operations might result in data loss.

       --now
           When used with enable, the units will also be started. When used
           with disable or mask, the units will also be stopped. The start or
           stop operation is only carried out when the respective enable or
           disable operation has been successful.

       --root=
           When used with enable/disable/is-enabled (and related commands),
           use alternative root path when looking for unit files.

       --runtime
           When used with enable, disable, edit, (and related commands), make
           changes only temporarily, so that they are lost on the next reboot.
           This will have the effect that changes are not made in
           subdirectories of /etc but in /run, with identical immediate
           effects, however, since the latter is lost on reboot, the changes
           are lost too.

           Similarly, when used with set-property, make changes only
           temporarily, so that they are lost on the next reboot.

       --preset-mode=
           Takes one of "full" (the default), "enable-only", "disable-only".
           When used with the preset or preset-all commands, controls whether
           units shall be disabled and enabled according to the preset rules,
           or only enabled, or only disabled.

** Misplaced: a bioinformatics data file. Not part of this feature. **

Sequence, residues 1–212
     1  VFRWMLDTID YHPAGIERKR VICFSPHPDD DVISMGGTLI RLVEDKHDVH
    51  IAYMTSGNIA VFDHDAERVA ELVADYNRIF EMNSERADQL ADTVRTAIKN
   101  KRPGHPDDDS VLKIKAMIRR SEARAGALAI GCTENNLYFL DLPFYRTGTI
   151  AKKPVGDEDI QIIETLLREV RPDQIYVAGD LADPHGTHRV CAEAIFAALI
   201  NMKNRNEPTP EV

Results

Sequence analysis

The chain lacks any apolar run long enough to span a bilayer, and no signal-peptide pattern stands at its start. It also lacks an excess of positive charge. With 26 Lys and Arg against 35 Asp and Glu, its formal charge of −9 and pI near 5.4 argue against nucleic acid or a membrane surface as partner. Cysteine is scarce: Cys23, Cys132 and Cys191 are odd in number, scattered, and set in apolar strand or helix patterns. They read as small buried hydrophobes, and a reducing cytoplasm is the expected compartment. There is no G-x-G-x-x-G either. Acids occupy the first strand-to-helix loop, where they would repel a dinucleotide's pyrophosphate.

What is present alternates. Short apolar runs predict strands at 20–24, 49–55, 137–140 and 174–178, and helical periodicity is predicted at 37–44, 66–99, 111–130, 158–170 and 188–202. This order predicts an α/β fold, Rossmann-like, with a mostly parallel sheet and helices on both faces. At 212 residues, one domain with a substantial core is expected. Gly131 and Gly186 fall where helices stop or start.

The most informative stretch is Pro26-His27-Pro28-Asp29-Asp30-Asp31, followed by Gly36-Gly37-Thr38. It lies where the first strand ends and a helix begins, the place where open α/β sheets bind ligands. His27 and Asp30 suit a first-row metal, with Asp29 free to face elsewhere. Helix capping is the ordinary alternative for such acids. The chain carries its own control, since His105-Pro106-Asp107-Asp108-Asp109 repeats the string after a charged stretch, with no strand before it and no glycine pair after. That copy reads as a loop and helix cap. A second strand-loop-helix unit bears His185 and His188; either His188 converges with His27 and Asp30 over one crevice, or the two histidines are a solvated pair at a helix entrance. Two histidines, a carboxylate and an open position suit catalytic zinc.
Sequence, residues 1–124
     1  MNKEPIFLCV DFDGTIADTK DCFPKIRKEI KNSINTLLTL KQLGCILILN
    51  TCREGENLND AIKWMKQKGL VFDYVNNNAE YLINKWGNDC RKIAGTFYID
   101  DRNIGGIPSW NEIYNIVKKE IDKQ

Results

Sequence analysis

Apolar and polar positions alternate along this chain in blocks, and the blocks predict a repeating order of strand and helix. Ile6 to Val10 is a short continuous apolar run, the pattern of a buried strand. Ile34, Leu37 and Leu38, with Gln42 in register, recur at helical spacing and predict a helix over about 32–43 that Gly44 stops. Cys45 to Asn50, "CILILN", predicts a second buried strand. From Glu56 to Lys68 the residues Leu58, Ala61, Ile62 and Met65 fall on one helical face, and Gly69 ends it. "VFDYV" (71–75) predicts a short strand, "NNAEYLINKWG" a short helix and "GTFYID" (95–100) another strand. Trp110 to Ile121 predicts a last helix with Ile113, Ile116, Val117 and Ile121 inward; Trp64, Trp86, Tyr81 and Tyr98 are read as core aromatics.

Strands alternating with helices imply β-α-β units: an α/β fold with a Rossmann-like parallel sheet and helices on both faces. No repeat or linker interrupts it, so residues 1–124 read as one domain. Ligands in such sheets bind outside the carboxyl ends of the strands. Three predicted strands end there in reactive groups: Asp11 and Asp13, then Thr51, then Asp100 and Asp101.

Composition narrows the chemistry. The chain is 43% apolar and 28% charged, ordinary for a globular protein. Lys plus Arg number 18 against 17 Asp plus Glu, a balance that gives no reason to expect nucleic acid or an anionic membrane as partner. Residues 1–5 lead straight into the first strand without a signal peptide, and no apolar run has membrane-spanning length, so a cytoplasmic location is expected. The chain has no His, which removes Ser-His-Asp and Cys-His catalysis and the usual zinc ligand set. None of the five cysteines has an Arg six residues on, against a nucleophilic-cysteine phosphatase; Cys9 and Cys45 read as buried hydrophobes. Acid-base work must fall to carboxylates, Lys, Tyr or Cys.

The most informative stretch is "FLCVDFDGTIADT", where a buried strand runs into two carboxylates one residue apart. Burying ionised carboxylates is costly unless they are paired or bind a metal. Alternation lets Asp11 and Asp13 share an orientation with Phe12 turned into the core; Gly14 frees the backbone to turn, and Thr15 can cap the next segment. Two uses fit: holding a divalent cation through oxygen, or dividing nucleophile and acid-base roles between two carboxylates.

-n, --lines=
           Execute the operation remotely. Specify a hostname, or a username
           and hostname separated by "@", to connect to. The hostname may
           optionally be suffixed by a container name, separated by ":", which
           connects directly to a specific container on the specified host.
           This will use SSH to talk to the remote machine manager instance.
           Container names may be enumerated with machinectl -H HOST.

       -M, --machine=
           Execute operation on a local container. Specify a container name to
           connect to.

       --no-pager
           Do not pipe output into a pager.

       --no-legend
           Do not print the legend, i.e. column headers and the footer with
           hints.

       -h, --help
           Print a short help text and exit.

       --version
           Print a short version string and exit.


COMMANDS

       The following commands are understood:

   Unit Commands
       list-units [PATTERN...]
           List known units (subject to limitations specified with -t). If one
           or more PATTERNs are specified, only units matching one of them are
           shown.

           This is the default command.

       list-sockets [PATTERN...]
           List socket units ordered by listening address. If one or more
           PATTERNs are specified, only socket units matching one of them are
           shown. Produces output similar to

               LISTEN           UNIT                        ACTIVATES
               /dev/initctl     systemd-initctl.socket      systemd-initctl.service
               ...